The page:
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Why Not More Nasals!!!!? (was: Is this a realistic phonology?)

From:Kristian Jensen <kljensen@...>
Date:Monday, March 8, 1999, 20:43
Daniel Andreasson wrote:
>Raymond A. Brown wrote: >>At 3:48 pm -0600 7/3/99, Nik Taylor wrote: >>>Daniel Andreasson wrote: >>>> I'm sorry that I ask, and it's possible that there's something >>>> here that I don't quite get, but what's bizarre about having >>>> more nasals than voiced stops? Swedish has six nasals >>>> (bilabial, labiodental, dental, retroflex, palatal and velar) >>>> and only four voiced stops (blb, dental, retroflex and velar). >>> >>>Well, only that, up to this point, I didn't realize that there >>>*were* langs with more nasals than stops. >> >>And are all the six Swedish nasals noted above six distinct >>_phonemes_? > >
>>As post-vocalic nasals are more subject to modification by a >>following consonant than post-vocalic plosives are, I suspect it's >>not at all uncommon to find more nasal sounds than voiced plosives >>in very many languages. But I'm still with Nik when it comes to >>actual _phonemes_. > >And now I am too.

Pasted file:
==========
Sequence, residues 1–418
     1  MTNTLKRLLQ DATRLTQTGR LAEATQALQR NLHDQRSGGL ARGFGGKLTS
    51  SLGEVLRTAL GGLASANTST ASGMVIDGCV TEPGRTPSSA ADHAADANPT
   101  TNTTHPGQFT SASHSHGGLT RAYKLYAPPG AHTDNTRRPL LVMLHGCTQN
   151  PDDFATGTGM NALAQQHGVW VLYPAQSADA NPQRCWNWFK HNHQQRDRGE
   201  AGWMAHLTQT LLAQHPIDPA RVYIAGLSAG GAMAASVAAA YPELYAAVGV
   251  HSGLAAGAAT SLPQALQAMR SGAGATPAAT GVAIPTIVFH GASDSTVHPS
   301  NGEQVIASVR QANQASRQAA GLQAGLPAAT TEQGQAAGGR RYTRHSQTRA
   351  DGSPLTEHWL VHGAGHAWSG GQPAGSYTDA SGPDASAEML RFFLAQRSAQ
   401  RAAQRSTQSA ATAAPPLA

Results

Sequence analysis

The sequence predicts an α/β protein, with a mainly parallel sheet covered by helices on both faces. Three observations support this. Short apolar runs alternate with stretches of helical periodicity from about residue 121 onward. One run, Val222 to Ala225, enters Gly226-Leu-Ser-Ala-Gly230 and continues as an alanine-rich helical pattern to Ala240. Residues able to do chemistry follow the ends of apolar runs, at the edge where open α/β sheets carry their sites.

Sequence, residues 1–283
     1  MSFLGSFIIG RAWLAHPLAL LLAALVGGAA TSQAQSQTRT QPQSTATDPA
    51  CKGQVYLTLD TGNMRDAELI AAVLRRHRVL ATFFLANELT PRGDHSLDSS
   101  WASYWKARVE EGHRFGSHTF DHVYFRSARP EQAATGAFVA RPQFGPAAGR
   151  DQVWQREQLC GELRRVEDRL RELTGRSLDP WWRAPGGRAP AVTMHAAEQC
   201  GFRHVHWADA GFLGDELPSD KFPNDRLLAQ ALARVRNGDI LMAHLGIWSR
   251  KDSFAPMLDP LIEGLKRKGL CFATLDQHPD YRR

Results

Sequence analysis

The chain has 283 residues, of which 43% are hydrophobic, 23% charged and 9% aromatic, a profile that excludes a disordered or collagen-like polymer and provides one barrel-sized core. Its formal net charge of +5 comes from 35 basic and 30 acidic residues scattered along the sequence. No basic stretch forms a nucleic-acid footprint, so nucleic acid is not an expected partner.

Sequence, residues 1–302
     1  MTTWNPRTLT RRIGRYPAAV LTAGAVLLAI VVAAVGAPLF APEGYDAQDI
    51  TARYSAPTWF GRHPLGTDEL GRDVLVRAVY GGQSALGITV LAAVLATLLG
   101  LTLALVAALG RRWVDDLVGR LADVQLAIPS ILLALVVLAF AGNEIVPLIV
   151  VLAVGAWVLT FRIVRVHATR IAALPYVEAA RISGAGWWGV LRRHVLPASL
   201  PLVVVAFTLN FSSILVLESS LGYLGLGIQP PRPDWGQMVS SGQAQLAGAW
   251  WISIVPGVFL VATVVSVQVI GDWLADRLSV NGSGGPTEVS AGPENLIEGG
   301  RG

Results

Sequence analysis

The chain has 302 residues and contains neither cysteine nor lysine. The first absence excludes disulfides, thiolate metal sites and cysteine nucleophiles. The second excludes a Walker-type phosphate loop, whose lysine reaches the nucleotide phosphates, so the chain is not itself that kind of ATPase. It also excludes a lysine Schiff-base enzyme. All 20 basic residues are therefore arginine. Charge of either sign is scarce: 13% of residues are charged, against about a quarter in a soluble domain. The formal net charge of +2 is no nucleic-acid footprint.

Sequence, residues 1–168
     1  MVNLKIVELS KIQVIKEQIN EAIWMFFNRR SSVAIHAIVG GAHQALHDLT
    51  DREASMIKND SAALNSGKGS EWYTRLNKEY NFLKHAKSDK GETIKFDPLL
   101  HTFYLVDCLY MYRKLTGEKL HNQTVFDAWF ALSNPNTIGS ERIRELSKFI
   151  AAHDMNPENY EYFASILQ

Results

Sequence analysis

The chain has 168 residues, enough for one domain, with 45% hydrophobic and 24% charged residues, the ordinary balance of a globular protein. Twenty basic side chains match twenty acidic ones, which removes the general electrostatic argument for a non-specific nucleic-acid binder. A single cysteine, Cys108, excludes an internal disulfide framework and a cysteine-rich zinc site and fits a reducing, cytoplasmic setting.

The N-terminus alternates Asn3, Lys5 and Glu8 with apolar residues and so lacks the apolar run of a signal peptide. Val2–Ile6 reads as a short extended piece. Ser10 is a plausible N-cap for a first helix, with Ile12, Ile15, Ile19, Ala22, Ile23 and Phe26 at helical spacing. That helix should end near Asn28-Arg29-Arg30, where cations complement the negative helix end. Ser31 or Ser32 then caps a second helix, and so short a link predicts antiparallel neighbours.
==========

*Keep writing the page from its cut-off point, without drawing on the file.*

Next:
AND I'M STILL NOT. Cambodian, Thai, Vietnamese, and a whole lot of other Austro-Asiatic and Daic languages have *MORE* PHONEMIC _Nasals_ than _Voiced Stops_!!!! What in the world is so hard to believe about that?! What do you all have against the languages of Southeast Asia?! 8-) Below is the inventory of both oral and nasal voiced stops in the three languages I have mentioned - and they are all PHONEMIC!!: CAMBODIAN lab. den. pal. vel. nasal /m/ /n/ /J/ /N/ oral /b/ /d/ THAI lab. den. pal. vel. nasal /m/ /n/ /N/ oral /b/ /d/ VIETNAMESE lab. den. pal. vel. nasal /m/ /n/ /J/ /N/ oral /b/ /d/ And to throw in another language which is also Daic like Thai, here is Laotian's inventory below: LAOTIAN lab. den. pal. vel. nasal /m/ /n/ /J/ /N/ oral /b/ /d/ [Sources "Compendium of the World's Languages", "Modern Spoken Cambodian", "The Major Languages of the World".] Now there you go... its all there as clear as day! Again, what's hard to believe about that? The evidence is all there. There is no need to make quick assumptions and denying the existence of Southeast Asian languages. 8-) If anything, I think it makes more sense to have more voiced nasal stops than oral stops - especially if the voicing requirements dictates that voicing has to be sustain as it is in these languages. Reason being that its easier to sustain a voiced nasal stop than a voiced oral stop. Note how the voiced oral stops of all these languages are labial and dental - voiced oral stops whose POA is further back doesn't exist. Its easier to sustain a voiced oral stop whose POA is further forward than it is with one whose POA is further back. The oral cavity in front of the vocal chords is simply larger in a voiced stop whose POA is further forward. A larger oral cavity would give the airflow from the vocal chords more space to 'build-up' - so to speak. IMBO, there is nothing unusual about that. In fact, in these languages, the voiced oral stops are often more sustained than English's voiced oral stops. English voiced oral stops have no requirement to sustain voicing while in Austro-Asiatic and Daic languages voicing sustainment is required. IMO, there is absolutely nothing unusual about having more voiced nasal stops than voiced oral stops. It all depends on the voicing requirement of the individual languages. Just having the urge to clear things up and acknowledging the existence of the languages my Southeast-Asian 'brothers' speak, -kristian- 8-)